A report prepared by a team led by Dr. Samira Samiee-Zafarghandy says drug manufacturers need to pay more attention to the affects of new drugs on kids. According to the study, less than one-third of drugs approved by Health Canada over a recent 10-year period contain sufficient information on dosage and the clinical effects of the drugs on children, especially neonatal babies. More than half of the approved drugs failed to provide any information regarding children at all. The study showed that Drug dosage recommendations are based on adult bodies. The current and long-time practice in pediatrics in most countries, including Canada, when it comes to prescribing medications for children is to calculate dosages based on weight, with children receiving smaller dosages than an adult would receive.
“But it’s important to remember that children aren’t just tiny adults,” said Samiee-Zafarghandy. “Their bodies metabolize drugs differently, so children might get over exposed or under exposed due to their different metabolisms which may depend on their developmental stage.”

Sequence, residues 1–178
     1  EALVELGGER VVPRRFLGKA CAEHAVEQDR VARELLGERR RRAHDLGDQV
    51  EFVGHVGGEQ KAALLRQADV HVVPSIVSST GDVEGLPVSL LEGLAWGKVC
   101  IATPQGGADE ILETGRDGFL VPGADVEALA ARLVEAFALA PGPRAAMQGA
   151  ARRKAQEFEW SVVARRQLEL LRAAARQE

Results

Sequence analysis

Children also can’t be lumped into one category because their bodies are so different. “You can’t compare the body of a newborn with a toddler, or a toddler with a teenager.”
“We were also confounded by how many drugs used in critical conditions for pediatric and newborn patients did not have any information for their proper use in these children,” she said. “Many of these drugs are being prescribed to children anyway, and the lack of pediatric data in their monograph can make it difficult for physicians and pharmacists to optimize treatment. The result may be inadequate treatment or increased side effects.”
The report said Canada lags behind the United States and Europe when it comes to evaluating the use of new drugs on kids and neonates. It recommends more legislative control.